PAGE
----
Posted on Mon, Mar. 27, 2006
Cal's nuclear engineering chief powered by genius
By Matt Krupnick

BERKELEY - Jasmina Vujic had tamed the nuclear field's ingrained sexism long before she inherited the bullwhip.

The UC Berkeley professor took over the reins -- and the chair's traditional whip -- of the school's nuclear engineering department last year, becoming the first woman to chair a U.S. university's nuclear department. A native of the former Yugoslavia, Vujic also is the only woman faculty member in the Berkeley department's 47-year history.

Not bad for someone who spoke barely any English when she began her graduate work at the University of Michigan in the mid-1980s. Her early notes at Michigan spelled English words phonetically using Cyrillic letters, and yet Vujic finished her master's degree and doctorate in four years.

"I never grew up thinking I couldn't do something, that something was a male job," said Vujic, 52. "If you don't pay attention to that and just do your job, it doesn't matter."

That attitude has made an impression among her many male colleagues. Vujic, who came to Berkeley in 1992, is simply brilliant, said professor Ed Morse, who has been in the nuclear department since 1978.

"She was hired here without any urging to hire a woman," Morse said. "She was hired because she was a savant."

In Vujic, the nuclear industry has one of its most strident supporters, someone who truly believes in the relatively new idea that nuclear power is one of the cleanest, most cost-efficient energies. She speaks enthusiastically about "a renaissance of nuclear energy" through the country's new investment into atomic technology.

In the absence of a perfect energy source, nuclear power is the United States' best bet, she said.

"I'm for renewables, but in the meantime, we need to have something cheap and reliable with little greenhouse emissions," Vujic said in her office on the northern edge of the UC Berkeley campus, the whip curled safely on top of a bookcase. "If we are not going to go around the world getting other peoples' oil, we need to come up with something else."

Nuclear power first piqued Vujic's interest nearly four decades ago, even though she doesn't remember it. She said she was "shocked" recently when her mother pulled out a newspaper article about Vujic's academic prowess in which the 15-year-old high school student told the reporter she wanted to be a nuclear engineer.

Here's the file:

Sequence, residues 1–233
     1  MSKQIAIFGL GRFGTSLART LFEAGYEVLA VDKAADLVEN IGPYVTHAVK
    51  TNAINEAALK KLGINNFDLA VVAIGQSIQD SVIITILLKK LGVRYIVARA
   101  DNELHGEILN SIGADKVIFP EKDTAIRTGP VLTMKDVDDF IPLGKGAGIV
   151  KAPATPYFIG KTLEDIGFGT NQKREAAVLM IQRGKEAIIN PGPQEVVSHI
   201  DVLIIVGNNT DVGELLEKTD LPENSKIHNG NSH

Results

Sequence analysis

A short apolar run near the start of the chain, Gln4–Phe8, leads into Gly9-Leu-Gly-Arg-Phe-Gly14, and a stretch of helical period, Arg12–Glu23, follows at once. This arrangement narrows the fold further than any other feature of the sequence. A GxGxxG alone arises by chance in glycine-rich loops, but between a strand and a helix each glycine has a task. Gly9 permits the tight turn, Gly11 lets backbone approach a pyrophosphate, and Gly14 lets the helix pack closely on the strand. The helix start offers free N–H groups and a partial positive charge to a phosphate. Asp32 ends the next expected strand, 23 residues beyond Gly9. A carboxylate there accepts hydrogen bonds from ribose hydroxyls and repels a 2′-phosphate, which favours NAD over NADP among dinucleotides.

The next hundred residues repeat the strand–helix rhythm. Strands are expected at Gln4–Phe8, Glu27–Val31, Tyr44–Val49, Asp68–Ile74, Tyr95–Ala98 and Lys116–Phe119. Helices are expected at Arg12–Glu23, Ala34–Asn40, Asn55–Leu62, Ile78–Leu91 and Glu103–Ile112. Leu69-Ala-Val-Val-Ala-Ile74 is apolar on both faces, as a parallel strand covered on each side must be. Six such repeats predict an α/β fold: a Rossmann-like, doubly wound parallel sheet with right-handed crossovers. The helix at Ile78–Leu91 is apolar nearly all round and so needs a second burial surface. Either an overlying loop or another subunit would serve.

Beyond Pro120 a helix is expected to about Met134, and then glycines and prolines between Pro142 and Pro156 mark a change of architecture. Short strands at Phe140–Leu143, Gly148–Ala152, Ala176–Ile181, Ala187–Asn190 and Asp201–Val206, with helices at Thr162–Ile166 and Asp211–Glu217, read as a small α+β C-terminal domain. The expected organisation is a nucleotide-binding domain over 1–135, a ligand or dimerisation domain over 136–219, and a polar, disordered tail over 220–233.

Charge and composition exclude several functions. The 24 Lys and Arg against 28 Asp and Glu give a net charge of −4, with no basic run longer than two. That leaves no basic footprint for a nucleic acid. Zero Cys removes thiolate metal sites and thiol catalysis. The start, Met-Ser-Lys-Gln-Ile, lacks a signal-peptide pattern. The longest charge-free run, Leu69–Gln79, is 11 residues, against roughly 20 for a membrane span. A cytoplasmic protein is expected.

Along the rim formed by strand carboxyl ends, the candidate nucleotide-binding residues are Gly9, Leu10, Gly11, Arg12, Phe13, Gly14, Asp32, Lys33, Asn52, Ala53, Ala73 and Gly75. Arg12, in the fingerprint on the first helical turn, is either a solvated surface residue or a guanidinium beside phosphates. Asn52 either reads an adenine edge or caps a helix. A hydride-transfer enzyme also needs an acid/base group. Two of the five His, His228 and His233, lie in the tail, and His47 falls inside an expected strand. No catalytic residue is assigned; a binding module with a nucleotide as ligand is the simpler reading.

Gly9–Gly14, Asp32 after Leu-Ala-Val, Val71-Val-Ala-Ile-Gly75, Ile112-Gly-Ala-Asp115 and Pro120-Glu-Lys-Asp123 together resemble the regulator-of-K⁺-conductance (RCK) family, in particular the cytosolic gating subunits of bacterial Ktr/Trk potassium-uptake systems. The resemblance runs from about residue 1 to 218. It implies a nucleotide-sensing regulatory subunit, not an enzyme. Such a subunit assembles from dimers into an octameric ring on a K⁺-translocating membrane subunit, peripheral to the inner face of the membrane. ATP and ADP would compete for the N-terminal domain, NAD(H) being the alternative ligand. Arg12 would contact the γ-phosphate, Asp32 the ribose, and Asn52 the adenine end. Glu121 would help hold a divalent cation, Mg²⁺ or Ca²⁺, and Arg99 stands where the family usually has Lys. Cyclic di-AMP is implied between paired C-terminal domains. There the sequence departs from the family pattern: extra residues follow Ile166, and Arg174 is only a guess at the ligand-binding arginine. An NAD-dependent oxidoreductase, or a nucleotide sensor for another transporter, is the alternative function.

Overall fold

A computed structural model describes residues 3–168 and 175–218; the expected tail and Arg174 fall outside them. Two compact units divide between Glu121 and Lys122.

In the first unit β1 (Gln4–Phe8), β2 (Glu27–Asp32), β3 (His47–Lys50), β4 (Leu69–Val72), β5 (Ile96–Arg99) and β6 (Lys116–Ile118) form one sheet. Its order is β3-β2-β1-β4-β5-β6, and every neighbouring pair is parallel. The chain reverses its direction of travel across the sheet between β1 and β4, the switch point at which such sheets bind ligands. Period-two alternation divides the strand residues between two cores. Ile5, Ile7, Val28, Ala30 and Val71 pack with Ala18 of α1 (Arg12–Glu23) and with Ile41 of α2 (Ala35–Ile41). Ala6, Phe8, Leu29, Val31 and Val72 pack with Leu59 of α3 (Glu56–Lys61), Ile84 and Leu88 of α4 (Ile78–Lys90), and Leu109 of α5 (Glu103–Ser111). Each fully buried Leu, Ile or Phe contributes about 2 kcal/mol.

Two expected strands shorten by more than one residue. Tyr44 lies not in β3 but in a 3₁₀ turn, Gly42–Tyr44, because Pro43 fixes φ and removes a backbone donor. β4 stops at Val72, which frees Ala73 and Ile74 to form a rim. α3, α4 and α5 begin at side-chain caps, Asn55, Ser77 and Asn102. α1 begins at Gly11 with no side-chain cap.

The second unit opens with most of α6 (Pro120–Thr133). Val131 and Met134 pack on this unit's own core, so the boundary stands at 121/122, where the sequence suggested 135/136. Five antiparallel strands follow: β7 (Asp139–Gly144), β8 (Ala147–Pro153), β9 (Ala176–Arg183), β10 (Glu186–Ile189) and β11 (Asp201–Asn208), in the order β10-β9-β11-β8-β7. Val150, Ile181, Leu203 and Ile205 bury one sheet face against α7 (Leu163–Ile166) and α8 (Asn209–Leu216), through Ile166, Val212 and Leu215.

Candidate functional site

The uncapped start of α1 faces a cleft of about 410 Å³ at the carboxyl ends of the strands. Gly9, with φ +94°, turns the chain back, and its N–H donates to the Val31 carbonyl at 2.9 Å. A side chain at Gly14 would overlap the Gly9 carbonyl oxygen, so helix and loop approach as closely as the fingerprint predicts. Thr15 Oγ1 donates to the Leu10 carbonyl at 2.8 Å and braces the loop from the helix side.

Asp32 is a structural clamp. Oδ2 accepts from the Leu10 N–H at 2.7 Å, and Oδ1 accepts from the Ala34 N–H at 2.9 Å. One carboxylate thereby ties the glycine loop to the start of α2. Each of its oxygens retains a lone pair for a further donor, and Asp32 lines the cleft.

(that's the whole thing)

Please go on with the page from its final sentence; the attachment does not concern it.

She studied electrical engineering at the University of Belgrade, receiving bachelor's and master's degrees there before taking a job at a Belgrade nuclear-science institute. There, a female colleague who regretted having never received a doctorate pushed Vujic to make the decision that would guide her career.

"She saw potential in me and basically told me, 'You have to go to the United States to get your Ph.D.,'" Vujic said. "She basically forced me to apply."

A handful of university acceptance letters later, Vujic moved to Michigan with her husband and 5-year-old daughter. The family later lived in the Chicago area, where Vujic worked at Argonne National Laboratory before coming to Berkeley.

Colleagues say Vujic was a pioneer in using computer modeling in the nuclear field, a method that has become standard in atomic research. UC Berkeley shut its nuclear reactor about 20 years ago, so simulations have become that much more important for students there.

The need for trained engineers is greater than ever, Vujic said. Besides the growing power industry, nuclear engineers can find work in the medical and homeland-security fields.

That burgeoning demand makes a woman's involvement even more important for the field, said Jacquelyn Yanch, the second female nuclear-engineering professor in the history of the Massachusetts Institute of Technology.

"It means a great deal for the students," Yanch said. "There just aren't very many senior women in the field of nuclear engineering. It's very male-dominated."

About 28 percent of the Berkeley department's students are women, Vujic said, far above the average among other engineering departments. But that percentage still leaves a noticeable gap between males and females, said one student.

"A lot of times I'll be the only girl in my classes," said Erica Ludlum, a 25-year-old doctoral student from Illinois. Ludlum said she was attracted to the department in part because of Vujic's personality and credentials, not her gender.

Considering the field's history, the dearth of women is surprising, said Cheryl Boggess, a manager and principal investigator with Westinghouse Nuclear, which operates more reactors worldwide than any other company.

"There have been many talented women in the field over the years, going back to Marie Curie," said Boggess, the U.S. representative to the Women in Nuclear organization. "(But) I still tend to be the only female in the room when I go to meetings."

Matt Krupnick covers higher education. Reach him at 925-943-8246 or [EMAIL PROTECTED]. 

UC Berkeley professor Jasmina Vujic is the first female chair of a Nuclear Engineering department in the United States.
Mark DuFrene/Times 
UC Berkeley professor Jasmina Vujic is the first female chair of a Nuclear Engineering department in the United States 

NAME: Jasmina Vujic

AGE: 52


OCCUPATION: Chairwoman of the UC Berkeley nuclear engineering department

CLAIM TO FAME: Believed to be the first female to lead a nuclear-engineering program at a U.S. university; only female professor in the Berkeley department's 47-year history.


Jasmina Vujic, Professor and Chair 4153 Etcheverry Hall

Department of Nuclear Engineering University of California

[EMAIL PROTECTED] Berkeley, CA 94720-1730

Phone: (510) 643-8085

Fax: (510) 643-9685


Annie Kalish, Chair's Assistant, [EMAIL PROTECTED]
Phone: (510) 642-4077, FAX: (510) 643-9685


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